In attempts to solve the emerging housing crisis resulting from the coronavirus pandemic, some countries like the United States and Spain, have introduced moratoria on evictions. If past housing crises have taught us anything, it is that a moratorium is effective in the protection of the community, but barely a one-size-fits-all approach: a clash between the interests of the owner of an apartment and tenant is inevitable. It is possible that the European Court of Human Rights (hereinafter: the Court) took the pandemic into account when it decided on the conflict in Béla Néméth v Hungary in December 2020. The case epitomises the stand-off between two human rights: the right to peaceful possession of property and that of home and private life, in the wake of a legislative moratorium on evictions during the foreign-currency loan crisis of 2014.
The case epitomises the stand-off between two human rights.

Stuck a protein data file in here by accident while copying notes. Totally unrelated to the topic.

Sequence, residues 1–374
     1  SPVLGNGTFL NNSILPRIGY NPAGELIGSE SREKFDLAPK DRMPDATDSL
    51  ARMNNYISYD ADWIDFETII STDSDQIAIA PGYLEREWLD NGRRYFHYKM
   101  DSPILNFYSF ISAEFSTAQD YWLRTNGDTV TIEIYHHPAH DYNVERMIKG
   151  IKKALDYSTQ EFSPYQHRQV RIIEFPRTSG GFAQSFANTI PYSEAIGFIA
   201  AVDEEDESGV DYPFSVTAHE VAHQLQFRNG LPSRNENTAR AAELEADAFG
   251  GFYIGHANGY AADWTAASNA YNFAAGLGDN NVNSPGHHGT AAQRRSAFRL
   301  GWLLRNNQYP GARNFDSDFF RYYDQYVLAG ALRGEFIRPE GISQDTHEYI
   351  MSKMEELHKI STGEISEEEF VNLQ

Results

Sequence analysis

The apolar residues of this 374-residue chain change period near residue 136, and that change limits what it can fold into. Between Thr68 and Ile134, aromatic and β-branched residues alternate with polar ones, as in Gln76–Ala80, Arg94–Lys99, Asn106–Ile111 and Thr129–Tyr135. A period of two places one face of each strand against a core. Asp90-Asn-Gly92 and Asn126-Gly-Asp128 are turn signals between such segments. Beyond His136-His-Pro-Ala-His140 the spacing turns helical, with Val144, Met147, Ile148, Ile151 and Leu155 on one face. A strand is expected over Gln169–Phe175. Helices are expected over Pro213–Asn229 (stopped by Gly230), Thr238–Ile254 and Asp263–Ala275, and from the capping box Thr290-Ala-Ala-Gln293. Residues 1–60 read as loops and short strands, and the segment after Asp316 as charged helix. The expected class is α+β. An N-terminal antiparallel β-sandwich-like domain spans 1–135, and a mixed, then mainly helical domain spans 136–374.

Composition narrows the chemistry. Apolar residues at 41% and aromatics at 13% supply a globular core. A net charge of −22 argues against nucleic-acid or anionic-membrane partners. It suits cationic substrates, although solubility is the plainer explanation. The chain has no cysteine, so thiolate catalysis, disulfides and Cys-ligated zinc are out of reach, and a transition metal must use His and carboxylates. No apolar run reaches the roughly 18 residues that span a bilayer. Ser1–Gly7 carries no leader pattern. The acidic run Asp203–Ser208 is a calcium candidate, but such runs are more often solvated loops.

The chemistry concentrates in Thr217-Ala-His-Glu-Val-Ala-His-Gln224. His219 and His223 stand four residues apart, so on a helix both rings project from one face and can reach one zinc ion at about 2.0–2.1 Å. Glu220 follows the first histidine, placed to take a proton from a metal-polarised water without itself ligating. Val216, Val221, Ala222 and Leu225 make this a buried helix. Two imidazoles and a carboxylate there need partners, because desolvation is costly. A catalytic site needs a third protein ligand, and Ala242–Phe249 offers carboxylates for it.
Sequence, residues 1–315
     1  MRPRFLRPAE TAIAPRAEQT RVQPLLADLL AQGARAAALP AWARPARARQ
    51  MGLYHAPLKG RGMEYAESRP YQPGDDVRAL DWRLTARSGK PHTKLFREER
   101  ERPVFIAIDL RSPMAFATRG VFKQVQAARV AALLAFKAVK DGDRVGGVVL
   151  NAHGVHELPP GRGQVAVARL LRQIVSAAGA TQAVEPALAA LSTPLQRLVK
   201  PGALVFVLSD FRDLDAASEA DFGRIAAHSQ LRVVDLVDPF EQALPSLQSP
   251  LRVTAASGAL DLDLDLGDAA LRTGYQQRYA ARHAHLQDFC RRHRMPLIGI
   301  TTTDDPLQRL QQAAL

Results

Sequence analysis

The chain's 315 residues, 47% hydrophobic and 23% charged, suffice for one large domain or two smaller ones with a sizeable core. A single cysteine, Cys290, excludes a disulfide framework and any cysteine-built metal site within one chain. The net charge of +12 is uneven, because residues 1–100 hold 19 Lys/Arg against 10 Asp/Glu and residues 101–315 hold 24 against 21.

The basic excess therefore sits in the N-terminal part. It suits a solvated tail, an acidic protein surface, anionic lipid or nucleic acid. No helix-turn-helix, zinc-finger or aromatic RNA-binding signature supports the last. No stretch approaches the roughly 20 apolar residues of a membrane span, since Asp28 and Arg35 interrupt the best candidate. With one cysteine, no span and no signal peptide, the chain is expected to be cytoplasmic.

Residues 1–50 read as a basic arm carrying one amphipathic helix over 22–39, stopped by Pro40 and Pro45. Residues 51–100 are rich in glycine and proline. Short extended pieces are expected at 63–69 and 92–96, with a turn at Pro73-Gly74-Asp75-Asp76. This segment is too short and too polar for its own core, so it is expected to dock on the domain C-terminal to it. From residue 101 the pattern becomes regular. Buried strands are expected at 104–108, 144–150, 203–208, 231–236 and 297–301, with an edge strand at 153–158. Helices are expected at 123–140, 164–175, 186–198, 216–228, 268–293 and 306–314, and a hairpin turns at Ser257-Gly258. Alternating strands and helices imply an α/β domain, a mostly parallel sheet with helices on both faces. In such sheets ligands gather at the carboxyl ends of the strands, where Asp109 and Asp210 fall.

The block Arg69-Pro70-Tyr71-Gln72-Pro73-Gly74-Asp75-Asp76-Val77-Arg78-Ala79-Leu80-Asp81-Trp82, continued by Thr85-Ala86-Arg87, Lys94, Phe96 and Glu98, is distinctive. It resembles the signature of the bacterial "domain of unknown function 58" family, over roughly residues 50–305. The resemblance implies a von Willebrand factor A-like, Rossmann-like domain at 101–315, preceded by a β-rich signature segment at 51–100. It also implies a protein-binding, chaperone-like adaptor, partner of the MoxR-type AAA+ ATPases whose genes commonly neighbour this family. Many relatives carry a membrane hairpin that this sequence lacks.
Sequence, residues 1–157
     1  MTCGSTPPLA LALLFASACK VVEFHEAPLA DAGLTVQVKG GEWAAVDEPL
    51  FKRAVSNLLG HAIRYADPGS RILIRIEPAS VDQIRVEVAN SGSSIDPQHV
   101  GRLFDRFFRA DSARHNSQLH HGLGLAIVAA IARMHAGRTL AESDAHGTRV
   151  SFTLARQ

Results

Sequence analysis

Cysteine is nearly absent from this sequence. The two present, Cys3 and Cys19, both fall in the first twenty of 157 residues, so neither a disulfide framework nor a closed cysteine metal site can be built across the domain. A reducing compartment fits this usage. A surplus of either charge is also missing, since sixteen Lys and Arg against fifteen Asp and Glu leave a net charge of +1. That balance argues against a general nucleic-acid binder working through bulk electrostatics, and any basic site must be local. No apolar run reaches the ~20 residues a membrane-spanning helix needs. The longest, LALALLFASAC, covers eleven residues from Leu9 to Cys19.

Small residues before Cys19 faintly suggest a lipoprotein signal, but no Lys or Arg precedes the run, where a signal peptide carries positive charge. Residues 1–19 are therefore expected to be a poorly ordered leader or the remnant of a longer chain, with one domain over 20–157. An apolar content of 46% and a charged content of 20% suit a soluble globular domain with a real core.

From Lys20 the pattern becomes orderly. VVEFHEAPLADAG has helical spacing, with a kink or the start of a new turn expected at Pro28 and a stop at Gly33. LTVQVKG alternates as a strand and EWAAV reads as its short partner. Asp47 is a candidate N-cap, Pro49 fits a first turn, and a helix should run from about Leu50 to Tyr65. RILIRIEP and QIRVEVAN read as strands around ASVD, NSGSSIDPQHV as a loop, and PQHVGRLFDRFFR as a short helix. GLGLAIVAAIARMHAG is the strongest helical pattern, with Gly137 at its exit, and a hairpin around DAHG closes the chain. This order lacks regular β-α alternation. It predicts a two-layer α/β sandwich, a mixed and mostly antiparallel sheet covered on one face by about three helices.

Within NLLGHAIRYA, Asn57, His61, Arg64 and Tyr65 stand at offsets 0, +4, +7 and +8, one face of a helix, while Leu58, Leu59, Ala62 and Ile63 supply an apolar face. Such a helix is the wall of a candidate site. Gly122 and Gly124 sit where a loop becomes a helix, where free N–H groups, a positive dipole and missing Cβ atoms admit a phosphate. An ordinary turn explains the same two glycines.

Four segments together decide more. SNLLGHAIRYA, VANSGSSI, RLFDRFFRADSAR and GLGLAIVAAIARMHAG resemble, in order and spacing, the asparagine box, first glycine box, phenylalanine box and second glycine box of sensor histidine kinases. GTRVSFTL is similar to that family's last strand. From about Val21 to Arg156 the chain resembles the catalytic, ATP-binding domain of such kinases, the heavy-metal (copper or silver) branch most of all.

The Case Béla Néméth v Hungary
Even years later, the ripple effects of the 2008 financial crisis were rattling the governments of Europe. In Hungary, this took the form of defaulted foreign currency loans. By Rabobank estimate, 1.1 million Hungarians were struggling to manage their foreign loan payments in 2010. Four years later, the Hungarian government decided to prevent the emerging housing crisis by introducing a moratorium on evictions until further notice. The effects of this were felt by the applicant, who had recently purchased an apartment, whose former owner was indebted with foreign currency loans. As the former owner was still residing in the apartment on the day the moratorium was issued, no eviction proceedings could be taken against him. This resulted in the inability of the applicant to take possession of the property belonging to him.
Even years later, the ripple effects of the 2008 financial crisis were rattling the governments of Europe.